Here is a video excerpt from a talk I gave at the Colorado Professional Videographers Association (COPVA) on how to pre-visualize your video. This method involves making a “concept board” — a plan for your video — using easy-to-find images gathered from the web. The goal of this method is to create a rough “sketch” or preview of what will ultimately be your own original piece (made from footage, images, and music you shoot or create from scratch). This technique is great for people who can’t draw, need a storyboard or shooting plan for their project, or want a quick visual method for creating a script. If you plan to use pre-existing images, footage, or sounds in your final piece, you must pay a license fee and / or get legal written permission.
Notes About Working with Concept / Mood Boards
If you are working with clients, the mood or concept board may be best used by you and your team. Normally, clients may have trouble understanding a rough concept board — unless they know a lot about the process of making a film or video. Consider carefully before showing the client.
Please note that it is a violation of copyright law to use other people’s images or recordings in your final work. You must obtained written permission and pay appropriate royalty fees to use other people’s photos, artwork, and music. Copyright law applies to any works you create for marketing your business or any products you create, such as a DVD for sale. The good news is that there are many royalty-free or affordable stock images on sites like Getty Images, iStockPhoto, Corbis Images, Shutterstock and others. The concept board or mood board method I describe is to generate inspiration and roughly suggest what you plan to do for your final video. If you use the concept board strictly for reference (as I did), and do not publish any of those images in your final piece, you will be fine in terms of copyright permissions.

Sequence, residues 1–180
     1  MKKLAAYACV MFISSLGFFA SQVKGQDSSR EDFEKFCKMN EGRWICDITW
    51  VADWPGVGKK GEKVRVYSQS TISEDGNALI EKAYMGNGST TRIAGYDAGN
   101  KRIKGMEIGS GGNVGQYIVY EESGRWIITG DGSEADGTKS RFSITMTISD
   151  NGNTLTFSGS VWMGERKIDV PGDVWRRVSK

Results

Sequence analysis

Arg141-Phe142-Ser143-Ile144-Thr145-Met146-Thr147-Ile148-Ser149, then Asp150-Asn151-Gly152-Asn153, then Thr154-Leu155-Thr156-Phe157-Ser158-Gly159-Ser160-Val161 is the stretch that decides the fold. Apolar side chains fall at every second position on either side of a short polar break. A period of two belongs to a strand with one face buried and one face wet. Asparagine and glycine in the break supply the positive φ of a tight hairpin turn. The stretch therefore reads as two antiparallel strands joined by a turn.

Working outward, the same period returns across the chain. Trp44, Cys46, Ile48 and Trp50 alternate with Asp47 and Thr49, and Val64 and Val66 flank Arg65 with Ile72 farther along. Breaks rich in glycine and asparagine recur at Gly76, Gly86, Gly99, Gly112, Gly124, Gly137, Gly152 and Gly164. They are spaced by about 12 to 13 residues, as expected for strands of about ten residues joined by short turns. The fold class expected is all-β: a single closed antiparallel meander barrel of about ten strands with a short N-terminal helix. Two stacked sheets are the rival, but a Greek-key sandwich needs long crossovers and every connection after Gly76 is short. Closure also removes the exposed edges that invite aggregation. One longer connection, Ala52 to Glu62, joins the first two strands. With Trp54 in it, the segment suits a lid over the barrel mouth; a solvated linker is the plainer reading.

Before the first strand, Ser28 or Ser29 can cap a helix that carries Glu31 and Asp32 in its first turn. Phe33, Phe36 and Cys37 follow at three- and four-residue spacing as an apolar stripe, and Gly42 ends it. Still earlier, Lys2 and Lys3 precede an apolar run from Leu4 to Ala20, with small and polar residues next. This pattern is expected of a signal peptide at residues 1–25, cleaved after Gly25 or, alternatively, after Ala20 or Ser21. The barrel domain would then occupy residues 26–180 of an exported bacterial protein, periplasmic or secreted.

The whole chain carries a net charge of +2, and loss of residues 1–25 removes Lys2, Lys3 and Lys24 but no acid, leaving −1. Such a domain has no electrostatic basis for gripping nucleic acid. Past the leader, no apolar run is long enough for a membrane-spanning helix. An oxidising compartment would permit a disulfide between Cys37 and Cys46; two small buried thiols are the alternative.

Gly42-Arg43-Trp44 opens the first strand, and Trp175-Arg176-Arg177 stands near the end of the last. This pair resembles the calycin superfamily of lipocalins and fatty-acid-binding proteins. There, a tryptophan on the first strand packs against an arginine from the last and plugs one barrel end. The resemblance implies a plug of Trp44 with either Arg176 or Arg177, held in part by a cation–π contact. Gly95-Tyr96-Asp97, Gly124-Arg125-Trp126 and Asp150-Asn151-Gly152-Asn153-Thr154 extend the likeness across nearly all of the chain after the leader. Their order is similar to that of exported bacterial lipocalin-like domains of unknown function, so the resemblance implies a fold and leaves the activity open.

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Great visual idea for the early stages of filming projects. Thanks a lot – really appreciated the presentation.
Thank you Kristina!
Yes, it is possible — and in some cases advisable — to make a video from a mixture of still images and video clips together. The Ken Burns Effect is a well-known technique for adding drama and intensity to narrated still images. You have probably seen Ken Burns’ historical pieces about the Civil War, Brooklyn Bridge, etc. on PBS.
Another idea is to work with animated text and special effects using software such as Final Cut Studio’s Motion or similar tools. This is the “flying logos” technique, which took off in the late 1970s/early 1980s. The most important thing to consider in translating words and still images to video is: What motivates the movement? If the goal is simply to get viewer attention, then simple movements like flashing on and off can attract notice, similar to billboards in Times Square or neon lights in Las Vegas. If the intention is to deliver a deeper message, the movement should dramatize the meaning. For example, zooming in on an object of interest makes it larger in the screen and therefore closer to the viewer. This closeness creates intimacy and importance in the viewer’s mind. Or animating the word “breathe” by gradually expanding the space between the letters increases the meaning of the word.
Animating stills, text, effects, and video is called “motion graphics” — an art form which interpolates graphic design and cinematic language. Movie titles can be a form of motion graphics; so can web banners. When motion graphics are used to communicate a longer idea, style and choreography become important. What I mean by this point comes from my training in classical animation, which often begins with music. In music, there often exists a theme and variations that build in intensity or complexity over time, forming a metapattern. I find the metapattern approach to be helpful in structuring complex motion graphics that convey a message in a video such as you describe.
I hope this is helpful!
I can’t stop watching this video / presentation! Your clear instruction and explanation are so motivating to those of us sitting on the edge of creativity. Pre-visualizing the final product through concept boards is so helpful and gives me some much needed confidence. I am truly inspired to attempt making a brief video to promote a professional development program that I conduct. Do you think it is possible or advisable to make a video from a mixture of still images and video clips together? Thanks so much for your ever-enlightening and educational ideas!